Thursday, April 11, 2002
Purchasing Alcohol for Minor a Strict Liability Crime, Court Rules
By a MetNews Staff Writer
Purchasing alcohol for an underage person is a crime of strict liability, the Sacramento Superior Court Appellate Division has ruled.
The court’s Jan. 23 ruling was certified to the Third District Court of Appeal as presenting an important question of law, but that court declined to hear the case. The appellate ruling was made public yesterday and certified for publication.
The panel upheld Michael Lee Jennings’ conviction of violating Business and Professions Code Sec. 25658(c). The statute, enacted in 1998, provides for a jail term of six months to one year, a fine of up to $1,000, or both for “purchasing an alcoholic beverage for a person under the age of 21 years” if the person consumes the beverage and causes great bodily injury or death to himself or herself or someone else
Otherwise, furnishing alcohol to a person under 21 years is punishable by a $250 fine or between 24 and 32 hours of community service.
Police charged Jennings after he was identified as the person who purchased alcohol for an underage drinker who injured himself and two other people while driving home from Jennings’ house.
Jennings attempted to offer evidence that he believed the driver to be of legal age, because he had heard him say to someone else that he was 22. The trial judge excluded the evidence, ruling that the statute does not require proof the defendant knew of the person’s age.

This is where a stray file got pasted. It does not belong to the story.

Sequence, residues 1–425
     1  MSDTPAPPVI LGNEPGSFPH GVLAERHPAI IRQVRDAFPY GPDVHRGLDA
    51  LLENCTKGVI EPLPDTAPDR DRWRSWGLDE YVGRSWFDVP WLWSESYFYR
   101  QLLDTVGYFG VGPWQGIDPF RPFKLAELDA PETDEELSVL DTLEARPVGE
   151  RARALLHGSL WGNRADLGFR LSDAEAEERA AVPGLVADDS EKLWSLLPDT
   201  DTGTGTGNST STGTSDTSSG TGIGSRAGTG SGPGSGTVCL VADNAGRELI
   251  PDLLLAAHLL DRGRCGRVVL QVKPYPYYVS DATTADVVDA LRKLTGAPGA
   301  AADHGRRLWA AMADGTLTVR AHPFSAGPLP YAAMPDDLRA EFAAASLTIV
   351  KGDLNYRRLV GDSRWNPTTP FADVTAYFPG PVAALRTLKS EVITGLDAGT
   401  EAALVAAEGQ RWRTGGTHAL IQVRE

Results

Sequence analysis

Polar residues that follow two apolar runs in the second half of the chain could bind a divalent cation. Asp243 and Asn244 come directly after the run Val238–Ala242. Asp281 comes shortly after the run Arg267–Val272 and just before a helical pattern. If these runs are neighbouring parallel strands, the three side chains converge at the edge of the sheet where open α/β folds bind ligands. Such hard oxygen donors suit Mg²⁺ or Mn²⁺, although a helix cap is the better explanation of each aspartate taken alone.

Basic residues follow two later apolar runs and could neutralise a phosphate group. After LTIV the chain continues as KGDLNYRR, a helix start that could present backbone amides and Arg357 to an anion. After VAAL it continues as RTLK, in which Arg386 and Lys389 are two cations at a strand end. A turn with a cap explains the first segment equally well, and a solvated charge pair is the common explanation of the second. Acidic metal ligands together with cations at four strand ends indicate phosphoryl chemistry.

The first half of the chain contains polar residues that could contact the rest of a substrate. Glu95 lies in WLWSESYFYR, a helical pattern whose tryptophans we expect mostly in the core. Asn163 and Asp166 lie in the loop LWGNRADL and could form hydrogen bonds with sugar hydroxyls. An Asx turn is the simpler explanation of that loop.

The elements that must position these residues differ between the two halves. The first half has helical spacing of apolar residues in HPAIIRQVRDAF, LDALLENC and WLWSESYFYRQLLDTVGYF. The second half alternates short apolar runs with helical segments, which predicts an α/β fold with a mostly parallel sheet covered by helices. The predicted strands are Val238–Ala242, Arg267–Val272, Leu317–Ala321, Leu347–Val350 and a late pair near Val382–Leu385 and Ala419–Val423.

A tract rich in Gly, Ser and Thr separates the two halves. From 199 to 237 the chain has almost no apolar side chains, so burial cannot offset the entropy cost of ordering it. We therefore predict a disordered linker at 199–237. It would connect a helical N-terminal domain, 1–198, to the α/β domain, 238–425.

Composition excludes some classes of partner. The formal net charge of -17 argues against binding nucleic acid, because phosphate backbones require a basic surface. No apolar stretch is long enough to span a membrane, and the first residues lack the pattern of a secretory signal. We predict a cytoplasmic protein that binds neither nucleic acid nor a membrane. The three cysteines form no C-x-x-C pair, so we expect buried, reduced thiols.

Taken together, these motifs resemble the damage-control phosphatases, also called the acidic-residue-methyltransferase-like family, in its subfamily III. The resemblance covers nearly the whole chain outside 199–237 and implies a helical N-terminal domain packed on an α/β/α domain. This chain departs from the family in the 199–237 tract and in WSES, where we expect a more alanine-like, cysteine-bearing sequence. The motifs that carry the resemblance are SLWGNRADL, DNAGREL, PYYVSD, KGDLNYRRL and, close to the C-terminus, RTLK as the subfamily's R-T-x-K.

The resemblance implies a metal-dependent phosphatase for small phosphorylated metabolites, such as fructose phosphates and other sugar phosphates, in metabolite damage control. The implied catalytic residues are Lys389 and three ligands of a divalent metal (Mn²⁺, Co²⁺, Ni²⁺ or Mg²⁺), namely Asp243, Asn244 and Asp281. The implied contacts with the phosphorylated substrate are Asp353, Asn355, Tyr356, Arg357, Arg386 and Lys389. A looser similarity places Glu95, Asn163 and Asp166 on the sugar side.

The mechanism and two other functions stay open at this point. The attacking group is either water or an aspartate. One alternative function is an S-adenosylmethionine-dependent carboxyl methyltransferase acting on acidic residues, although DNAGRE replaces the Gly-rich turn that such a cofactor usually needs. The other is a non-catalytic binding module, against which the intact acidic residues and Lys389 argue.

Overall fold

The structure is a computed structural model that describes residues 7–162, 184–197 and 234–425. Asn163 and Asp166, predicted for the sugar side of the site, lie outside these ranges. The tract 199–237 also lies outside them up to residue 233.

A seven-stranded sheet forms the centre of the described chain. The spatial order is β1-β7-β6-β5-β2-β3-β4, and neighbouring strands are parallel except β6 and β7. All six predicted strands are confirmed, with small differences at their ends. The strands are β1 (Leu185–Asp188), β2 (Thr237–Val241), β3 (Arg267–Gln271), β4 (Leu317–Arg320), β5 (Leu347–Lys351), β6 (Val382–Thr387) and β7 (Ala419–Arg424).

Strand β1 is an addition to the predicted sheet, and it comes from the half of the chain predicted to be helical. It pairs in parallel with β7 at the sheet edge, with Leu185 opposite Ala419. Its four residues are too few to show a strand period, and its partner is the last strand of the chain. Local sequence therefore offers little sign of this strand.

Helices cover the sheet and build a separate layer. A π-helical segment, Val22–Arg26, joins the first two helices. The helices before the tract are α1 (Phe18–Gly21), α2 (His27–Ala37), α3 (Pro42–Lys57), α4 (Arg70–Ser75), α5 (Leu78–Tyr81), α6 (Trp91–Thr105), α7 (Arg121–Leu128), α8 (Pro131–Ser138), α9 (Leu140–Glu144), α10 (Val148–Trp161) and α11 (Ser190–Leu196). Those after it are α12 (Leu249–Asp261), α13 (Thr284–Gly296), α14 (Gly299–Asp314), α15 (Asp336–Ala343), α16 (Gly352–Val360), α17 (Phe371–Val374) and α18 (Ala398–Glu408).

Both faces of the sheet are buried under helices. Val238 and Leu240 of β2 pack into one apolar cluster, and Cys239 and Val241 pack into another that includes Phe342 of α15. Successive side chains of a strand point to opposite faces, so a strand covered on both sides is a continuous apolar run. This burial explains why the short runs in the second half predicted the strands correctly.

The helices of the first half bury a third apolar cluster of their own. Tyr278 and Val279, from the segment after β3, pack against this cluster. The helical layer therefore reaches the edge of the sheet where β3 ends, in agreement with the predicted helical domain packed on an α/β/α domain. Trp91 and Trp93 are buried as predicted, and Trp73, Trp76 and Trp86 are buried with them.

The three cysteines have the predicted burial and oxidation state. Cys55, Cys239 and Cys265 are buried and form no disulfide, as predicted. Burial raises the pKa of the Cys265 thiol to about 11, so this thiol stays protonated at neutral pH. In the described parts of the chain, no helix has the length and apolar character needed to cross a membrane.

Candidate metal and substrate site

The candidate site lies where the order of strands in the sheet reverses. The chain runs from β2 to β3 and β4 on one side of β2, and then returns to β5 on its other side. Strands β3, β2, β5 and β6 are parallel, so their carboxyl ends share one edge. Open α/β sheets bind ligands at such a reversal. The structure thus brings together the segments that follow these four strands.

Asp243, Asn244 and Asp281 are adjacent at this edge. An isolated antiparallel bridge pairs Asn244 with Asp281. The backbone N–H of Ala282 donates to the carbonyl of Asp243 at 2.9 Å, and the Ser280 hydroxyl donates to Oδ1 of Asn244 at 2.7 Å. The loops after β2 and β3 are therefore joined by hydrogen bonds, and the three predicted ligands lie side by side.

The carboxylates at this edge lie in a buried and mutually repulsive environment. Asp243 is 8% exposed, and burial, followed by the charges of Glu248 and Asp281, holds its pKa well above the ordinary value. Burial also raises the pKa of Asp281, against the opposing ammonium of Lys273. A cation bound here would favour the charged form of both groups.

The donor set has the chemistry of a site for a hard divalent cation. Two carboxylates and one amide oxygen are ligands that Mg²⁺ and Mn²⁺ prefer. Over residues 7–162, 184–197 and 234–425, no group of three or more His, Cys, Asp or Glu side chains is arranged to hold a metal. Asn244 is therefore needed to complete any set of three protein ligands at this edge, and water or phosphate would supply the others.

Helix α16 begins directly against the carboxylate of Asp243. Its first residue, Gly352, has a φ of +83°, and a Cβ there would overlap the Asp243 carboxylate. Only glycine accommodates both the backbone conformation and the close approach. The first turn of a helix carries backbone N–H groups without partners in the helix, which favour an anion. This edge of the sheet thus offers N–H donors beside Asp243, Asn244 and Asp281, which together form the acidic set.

The appellate panel—Presiding Judge Janice Hayes and Judges Gerald Bakarich and Patricia C. Esgro—noted that the statute lacks a specific mens rea requirement. While an implied requirement of intent is sometimes read into such laws, the panel acknowledged, that is not the case with laws whose “primary purpose…is regulation rather than punishment or correction,” the judges said.
The court cited a California Supreme Court ruling that sale of alcohol to a minor is a strict liability crime, subject to a statutory exception where the seller relies on bona fide evidence of age and identity.
Such a defense might not be available to someone in Jennings’ position, the appellate panel said, since he is not a “seller.” But the question is hypothetical because Jennings didn’t claim to have asked for or received proof of his friend’s age, the judges said.
Legislative history, the panel went on to say, also suggests that the court intended to create a strict liability crime.
Lawmakers, the jurists noted, had considered a provision that would have made the offense a wobbler. That, in turn, led to a proposal to add a specific-intent provision, but the Legislature ultimately voted to make the offense a straight misdemeanor with no mention or any requirement that the defendant know the person for whom alcohol was purchased was underage, the court pointed out.
The case is People v. Jennings, 00M07614.
Copyright 2002, Metropolitan News Company